Reopening of universities prompts opposition and support
Although some institutions have indicated that they will reopen, some commentators are concerned about the directive.
Among the universities that will resume their activities are the University of Gezira, Sheikh Abdullah al-Badri University, which will open some of its faculties on 22 October, and the University of Khartoum, which announced that it will resume studies at the faculty of public health and environmental health (online) on 22 October.
The International University of Africa announced that the university will be transferred and hosted in another country, which will be named later.
On 15 October, Professor Mohamed Hassan Dahab, the minister of higher education and scientific research, outlined difficulties related to the reopening of institutions, including providing workers’ salaries, using universities’ houses as shelter centres, the living conditions faced by parents, and finding mechanisms for e-learning.
The transfer of credit hours between higher education institutions, or creating partnerships between institutions in safe and damaged areas without harming students or adding to families’ burdens, were also on the agenda.
He also called on universities to help to find solutions and to contribute to solving economic, political and social problems at present and in future.
Rejection of decision
Earlier, the Alliance of Sudanese University Professors’ Associations rejected the reopening decision amid the ongoing military conflict between the Sudanese Armed Forces and the paramilitary Rapid Support Forces.
The alliance issued a statement on 10 October objecting to the reopening and the process that was followed.
Despite the meeting with the minister, a spokesperson of the alliance told University World News via Facebook Messenger on 16 October: “Yes, our rejection position has not changed because the obstacles mentioned in our previous statement are still the same.
“These financial, security, safety, educational and student accommodation obstacles for the reopening of universities were not addressed in the meeting with the minister.”
Although there was agreement on aspects such as the difficulty in evacuating people from student dormitories where they have been taking shelter and the economic conditions of students’ parents, disagreements remain.
Formed after the 25 October 2021 military coup, the alliance was set up. It represents professors at 22 of the 36 Sudanese universities.
According to the alliance, the ministry based its decision on a “designated cabinet”, which, in turn, was based on the directives of a “sovereignty council”, stating that all the structures lacked “legitimacy”, and that they did not do have the power to issue such a decision.
The alliance also stated that the ministry’s decision to resume academic activities undermined the independence of institutions of higher education and “treats them as primary schools”.
It also stressed that university councils, their departments and their professors’ gatherings are the only structures authorised and qualified to take decisions about their academic activities. They have to make recommendations to the ministry, the alliance said.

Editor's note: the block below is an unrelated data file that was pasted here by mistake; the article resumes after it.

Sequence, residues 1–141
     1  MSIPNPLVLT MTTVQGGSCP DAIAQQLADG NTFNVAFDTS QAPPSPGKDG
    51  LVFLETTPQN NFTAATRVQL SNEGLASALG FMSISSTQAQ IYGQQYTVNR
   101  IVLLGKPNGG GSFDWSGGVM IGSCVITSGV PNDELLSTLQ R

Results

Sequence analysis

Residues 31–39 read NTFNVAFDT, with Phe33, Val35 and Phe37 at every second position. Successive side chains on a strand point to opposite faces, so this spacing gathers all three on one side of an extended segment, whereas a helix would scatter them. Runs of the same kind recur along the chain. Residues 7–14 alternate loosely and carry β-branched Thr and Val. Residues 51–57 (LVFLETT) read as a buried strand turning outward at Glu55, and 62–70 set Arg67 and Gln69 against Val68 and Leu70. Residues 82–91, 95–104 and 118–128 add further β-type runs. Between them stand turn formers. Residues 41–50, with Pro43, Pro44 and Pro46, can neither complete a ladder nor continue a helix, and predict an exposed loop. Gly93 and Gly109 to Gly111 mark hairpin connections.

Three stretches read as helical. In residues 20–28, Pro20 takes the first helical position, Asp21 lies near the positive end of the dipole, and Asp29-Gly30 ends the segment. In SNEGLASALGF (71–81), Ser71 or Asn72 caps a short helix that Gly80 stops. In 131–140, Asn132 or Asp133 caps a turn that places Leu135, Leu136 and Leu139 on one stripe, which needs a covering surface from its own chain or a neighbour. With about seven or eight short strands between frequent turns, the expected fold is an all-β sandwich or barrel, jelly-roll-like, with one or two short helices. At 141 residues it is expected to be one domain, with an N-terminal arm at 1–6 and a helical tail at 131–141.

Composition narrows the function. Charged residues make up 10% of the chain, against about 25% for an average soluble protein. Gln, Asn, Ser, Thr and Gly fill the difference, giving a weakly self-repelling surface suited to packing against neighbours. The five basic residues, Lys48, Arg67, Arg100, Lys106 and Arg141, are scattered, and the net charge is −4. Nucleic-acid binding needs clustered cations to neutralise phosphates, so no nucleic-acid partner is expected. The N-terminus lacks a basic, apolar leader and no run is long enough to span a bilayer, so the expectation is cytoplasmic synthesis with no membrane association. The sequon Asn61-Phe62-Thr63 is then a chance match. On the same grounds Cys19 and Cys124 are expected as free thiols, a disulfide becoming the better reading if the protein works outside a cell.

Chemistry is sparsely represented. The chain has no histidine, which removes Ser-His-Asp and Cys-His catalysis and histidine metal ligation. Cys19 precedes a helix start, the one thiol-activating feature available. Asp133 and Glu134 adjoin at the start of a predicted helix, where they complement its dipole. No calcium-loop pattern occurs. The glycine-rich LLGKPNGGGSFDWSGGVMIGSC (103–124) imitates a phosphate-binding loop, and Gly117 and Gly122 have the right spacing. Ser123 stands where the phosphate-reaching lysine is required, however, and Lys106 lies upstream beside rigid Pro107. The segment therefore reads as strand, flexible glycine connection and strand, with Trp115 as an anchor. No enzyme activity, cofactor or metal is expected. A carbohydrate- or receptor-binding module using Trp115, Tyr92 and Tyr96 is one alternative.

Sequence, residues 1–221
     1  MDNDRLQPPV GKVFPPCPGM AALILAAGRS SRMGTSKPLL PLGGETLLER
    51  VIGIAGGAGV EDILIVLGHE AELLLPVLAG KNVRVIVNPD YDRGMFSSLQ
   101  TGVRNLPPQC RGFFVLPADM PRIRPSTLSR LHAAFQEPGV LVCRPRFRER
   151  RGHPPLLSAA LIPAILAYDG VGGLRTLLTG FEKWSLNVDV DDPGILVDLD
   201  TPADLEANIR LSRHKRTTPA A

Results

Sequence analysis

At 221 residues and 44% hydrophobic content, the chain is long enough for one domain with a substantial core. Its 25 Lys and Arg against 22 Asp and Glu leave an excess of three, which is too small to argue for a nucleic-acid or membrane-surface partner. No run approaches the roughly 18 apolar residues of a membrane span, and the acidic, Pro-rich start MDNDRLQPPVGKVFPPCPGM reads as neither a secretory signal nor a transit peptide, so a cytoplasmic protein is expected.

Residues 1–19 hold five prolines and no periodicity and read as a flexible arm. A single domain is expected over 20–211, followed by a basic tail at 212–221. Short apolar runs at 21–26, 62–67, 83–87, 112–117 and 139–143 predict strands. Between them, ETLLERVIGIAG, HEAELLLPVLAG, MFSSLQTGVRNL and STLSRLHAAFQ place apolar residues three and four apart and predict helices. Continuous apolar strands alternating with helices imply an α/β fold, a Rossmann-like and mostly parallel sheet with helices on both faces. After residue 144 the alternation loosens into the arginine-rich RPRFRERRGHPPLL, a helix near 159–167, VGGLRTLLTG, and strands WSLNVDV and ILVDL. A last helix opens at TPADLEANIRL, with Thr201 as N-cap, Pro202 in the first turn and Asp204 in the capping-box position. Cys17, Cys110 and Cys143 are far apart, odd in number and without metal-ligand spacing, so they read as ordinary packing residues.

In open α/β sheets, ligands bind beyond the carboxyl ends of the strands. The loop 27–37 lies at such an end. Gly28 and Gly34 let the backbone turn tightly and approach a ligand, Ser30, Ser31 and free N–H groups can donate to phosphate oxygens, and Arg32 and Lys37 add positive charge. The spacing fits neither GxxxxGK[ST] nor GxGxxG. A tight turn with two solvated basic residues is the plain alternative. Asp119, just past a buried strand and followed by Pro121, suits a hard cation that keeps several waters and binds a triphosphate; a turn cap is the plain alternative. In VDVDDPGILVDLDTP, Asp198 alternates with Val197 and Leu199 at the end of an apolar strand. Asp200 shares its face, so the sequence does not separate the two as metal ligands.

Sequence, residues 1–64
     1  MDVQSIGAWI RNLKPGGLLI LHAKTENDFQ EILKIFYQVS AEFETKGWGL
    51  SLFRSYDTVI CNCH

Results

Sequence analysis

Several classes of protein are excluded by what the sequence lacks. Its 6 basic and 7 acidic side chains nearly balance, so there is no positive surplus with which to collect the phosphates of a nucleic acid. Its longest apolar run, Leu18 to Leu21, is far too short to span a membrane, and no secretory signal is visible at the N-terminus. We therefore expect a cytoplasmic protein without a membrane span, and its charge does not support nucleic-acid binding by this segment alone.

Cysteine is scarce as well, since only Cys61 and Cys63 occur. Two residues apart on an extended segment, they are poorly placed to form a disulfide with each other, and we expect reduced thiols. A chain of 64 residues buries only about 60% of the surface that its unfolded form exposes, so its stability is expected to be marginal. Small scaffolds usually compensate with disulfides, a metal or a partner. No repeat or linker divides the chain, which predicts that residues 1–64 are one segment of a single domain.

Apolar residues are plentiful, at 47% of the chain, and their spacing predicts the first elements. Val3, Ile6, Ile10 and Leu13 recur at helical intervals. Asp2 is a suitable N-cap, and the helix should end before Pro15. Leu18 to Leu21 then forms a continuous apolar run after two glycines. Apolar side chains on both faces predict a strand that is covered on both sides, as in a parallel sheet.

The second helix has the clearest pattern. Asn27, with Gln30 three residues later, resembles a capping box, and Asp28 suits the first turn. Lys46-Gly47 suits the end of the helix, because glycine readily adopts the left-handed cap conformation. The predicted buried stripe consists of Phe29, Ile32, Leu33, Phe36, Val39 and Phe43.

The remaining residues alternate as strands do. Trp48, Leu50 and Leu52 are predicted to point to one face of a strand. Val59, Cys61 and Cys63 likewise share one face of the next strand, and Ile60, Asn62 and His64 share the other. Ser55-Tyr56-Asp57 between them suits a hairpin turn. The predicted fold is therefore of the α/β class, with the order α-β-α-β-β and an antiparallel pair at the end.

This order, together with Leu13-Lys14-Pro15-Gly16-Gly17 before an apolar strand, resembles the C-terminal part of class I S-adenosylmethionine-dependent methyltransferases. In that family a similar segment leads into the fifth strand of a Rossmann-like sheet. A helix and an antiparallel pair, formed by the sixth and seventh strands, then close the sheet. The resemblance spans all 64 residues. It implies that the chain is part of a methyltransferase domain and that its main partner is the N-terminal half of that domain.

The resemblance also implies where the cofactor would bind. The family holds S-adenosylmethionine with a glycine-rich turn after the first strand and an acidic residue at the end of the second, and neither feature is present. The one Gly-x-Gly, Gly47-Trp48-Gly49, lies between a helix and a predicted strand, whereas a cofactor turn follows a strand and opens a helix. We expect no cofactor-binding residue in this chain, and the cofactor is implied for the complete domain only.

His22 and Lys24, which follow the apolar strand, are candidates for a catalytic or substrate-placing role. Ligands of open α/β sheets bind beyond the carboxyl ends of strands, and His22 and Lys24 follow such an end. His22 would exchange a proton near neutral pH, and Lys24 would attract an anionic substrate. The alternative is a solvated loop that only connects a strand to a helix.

What universities say
Professor Bakri Osman Saeed, the president of the Association of African Universities (AAU) and the president of Sudan International University, told University World News: “I believe that the ministry of higher education should give the freedom to universities to resume university study and other academic activities.
“However, here in Sudan, public universities are usually guided by the ministry in these matters,” Saeed said.
“Many universities have, for some time, already resumed their studies online. At least two private universities have been running physical classes, including hospital training for medical students, inside Sudan and in other African countries,” Saeed added.
“Most universities in the safe states are planning the resumption of studies and many others are negotiating the resumption of studies abroad as a temporary measure,” he noted.
Adil Mohamed Ali, the head of the Institutional Development Programme at the Sudanese Environment Conservation Society and a coordinator with the United Nations Development Programme, or UNDP, told University World News: “I do not agree with the directive issued by the ministry to resume studies in the universities and colleges that are located in ‘safe’ states.
“A few weeks ago, the same ministry issued a warning to any higher education institution that is planning to resume studies by threatening them with not approving any new programmes at the diploma, bachelor or postgraduate levels for a full academic period, along with freezing student admission for the academic year 2023-24,” Ali said.
“While the conflict situation is worsening and is spreading to other states, it seems quite irrational and unfair to resume studies in some institutions,” he added.
“In the future, the ministry should consult the senates, the administrations and the staff and students of the universities prior to issuing any further directives that are not based on facts and actual situations on the ground,” Ali stated in support of the alliance.
“The right thing to do is to exert more efforts at the national, regional and international levels to stop the war and to bring the conflicting parties to the negotiations table to reach sustainable peace.”
Support from the global community
Professor Mohamed Hassan, the president of the Sudanese National Academy of Sciences and the World Academy of Sciences in Italy, told University World News that the situation in Sudan remained critical and that the academy would continue to raise awareness about the impact of the conflict and help to provide practical assistance to students and researchers.
“Without such support, Sudan faces the risk of losing a generation or more of its invaluable scientific talent,” Hassan concluded.